The facts in the case of Ensley v. Ford Motor Company are markedly similar to the instant case in that it involved Ford employees who on a date certain became employees of another corporation, retained their same duties and responsibilities, and years later again became employees of Ford, doing the same job. 647 F. Supp. 2d 791 (E.D. Mich. 2007).*fn5 The Ford employees became employees of the new "spin off" corporation on June 28, 2000. Id. at 795. The transfer to the new corporation was involuntary and mandatory and as of that date they were no longer Ford employees. Id. Several months later, in August 2000, Ford amended its plan, agreeing to retain liability for pension benefits up to the time of transfer, but the new corporation was required to establish a substantially similar retirement program for the former Ford employees. Id. In November, 2003, Ford amended its plan again and provided that any employee hired or re-hired by Ford after January 1, 2004, would be excluded from participating in the Ford Group Retirement Plan. Id. New hires or re-hires would instead participate in a different retirement plan. Id. Two years later, Ford reacquired the spin-off corporation and the employees were forced to accept transfer of employment back to Ford and become participants under the new retirement plan. Id. at 795-96. The plaintiffs in Ensley argued that they should have received notice of the August 2000 and November 2003 amendments that Ford made to its plan. Id. at 802-03. As here, they argued that they were participants in the Ford plan and would now be receiving less in benefits after becoming reemployed by Ford in 2005. Id. at 803.

The court rejected plaintiffs' argument that they were entitled to notice of the amendment. The court stated that plaintiffs' position was premised in part on an argument that they were still accruing benefits at the time of the amendment but in fact, at the time of the amendment they were employees of the other corporation and not entitled to receive any future benefits under the Ford plan. Id. at 803-804. The amendment did not affect plaintiffs' future benefit accrual because their future benefit accrual had ceased, along with their employment, after June 28, 2000. Id.

The Treasury Department, through the Internal Revenue Service, has issued regulations to provide guidance on whom should receive notice of a plan amendment. See 26 C.F.R. § 54.4980F-1. Question Ten of these regulations addresses to whom § 204(h) notice must be provided. The regulation provides that § 204(h) notice must be provided "to each applicable individual and to each employee organization representing participants who are applicable individuals." Id. at (a). Applicable individual is defined by the regulation "each participant in the plan, and any alternate payee, whose rate of future benefit accrual under the plan is reasonably expected to be significantly reduced . . ." Id. at (b). Question Ten's third example involves a hypothetical where a plan sponsor adopted an amendment which would significantly reduce the future accrued benefits for all current employees. However, the amendment would not reduce the rate of future benefit accrual of former employees who were entitled to deferred vested benefits. The conclusion was that the plan administrator was not required to give § 204(h) notice to any former employees. Id. at (f), Ex. 3.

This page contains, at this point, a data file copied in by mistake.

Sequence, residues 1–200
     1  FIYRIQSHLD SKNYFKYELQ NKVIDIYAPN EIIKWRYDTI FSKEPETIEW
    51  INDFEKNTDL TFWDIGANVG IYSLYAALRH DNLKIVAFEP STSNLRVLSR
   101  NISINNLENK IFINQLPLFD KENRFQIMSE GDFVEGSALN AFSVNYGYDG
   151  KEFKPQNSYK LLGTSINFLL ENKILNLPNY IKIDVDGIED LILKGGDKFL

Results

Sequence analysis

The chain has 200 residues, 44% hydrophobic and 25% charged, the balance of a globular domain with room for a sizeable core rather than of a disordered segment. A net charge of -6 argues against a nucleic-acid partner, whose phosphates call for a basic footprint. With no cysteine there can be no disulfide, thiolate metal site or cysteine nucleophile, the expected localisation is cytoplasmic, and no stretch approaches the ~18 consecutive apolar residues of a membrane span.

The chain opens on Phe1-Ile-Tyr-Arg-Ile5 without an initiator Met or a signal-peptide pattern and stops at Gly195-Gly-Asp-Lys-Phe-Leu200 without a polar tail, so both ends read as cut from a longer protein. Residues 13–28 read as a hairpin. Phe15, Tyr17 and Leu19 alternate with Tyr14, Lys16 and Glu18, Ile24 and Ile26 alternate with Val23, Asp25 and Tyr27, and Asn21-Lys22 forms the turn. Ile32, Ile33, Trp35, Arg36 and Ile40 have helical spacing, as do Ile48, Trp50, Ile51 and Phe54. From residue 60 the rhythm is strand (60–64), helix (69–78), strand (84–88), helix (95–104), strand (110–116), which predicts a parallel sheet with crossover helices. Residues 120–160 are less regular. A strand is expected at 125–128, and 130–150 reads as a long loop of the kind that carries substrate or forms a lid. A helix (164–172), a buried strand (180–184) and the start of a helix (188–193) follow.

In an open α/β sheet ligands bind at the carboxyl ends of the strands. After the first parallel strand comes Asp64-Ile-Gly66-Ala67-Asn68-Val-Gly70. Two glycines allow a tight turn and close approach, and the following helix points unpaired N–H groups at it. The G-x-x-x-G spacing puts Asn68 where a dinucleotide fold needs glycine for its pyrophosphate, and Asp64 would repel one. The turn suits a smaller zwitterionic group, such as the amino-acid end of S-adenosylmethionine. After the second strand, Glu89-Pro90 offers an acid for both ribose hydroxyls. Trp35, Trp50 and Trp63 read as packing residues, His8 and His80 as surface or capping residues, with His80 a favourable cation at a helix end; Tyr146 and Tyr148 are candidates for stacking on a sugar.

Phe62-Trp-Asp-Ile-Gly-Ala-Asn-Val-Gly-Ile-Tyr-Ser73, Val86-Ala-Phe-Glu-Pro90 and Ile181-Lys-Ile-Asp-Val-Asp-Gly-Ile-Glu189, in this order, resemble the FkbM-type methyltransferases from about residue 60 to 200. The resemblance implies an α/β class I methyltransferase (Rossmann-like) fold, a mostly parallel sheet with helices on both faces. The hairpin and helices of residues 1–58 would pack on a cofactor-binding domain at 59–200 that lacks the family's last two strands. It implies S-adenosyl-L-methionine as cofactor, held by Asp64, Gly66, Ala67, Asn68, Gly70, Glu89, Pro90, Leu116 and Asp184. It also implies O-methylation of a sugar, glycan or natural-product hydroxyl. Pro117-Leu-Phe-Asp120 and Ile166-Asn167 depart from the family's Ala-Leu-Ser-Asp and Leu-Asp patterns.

As in the example, the Plaintiffs were former employees that were vested participants in the Plan. The 2005 Amendment did not change the benefits of the separated, vested participants.

Instead, it changed the definition of Eligible Employee to exclude persons hired by Bechtel on or after May 1, 2005. At the time of the 2005 Amendment, Plaintiffs were not Eligible Employees actively accruing benefits in the Plan. As such, their rate of future benefit accrual would not be significantly reduced by the Amendment and they were not entitled to notice under ERISA § 204(h).

B. Count Two: Estoppel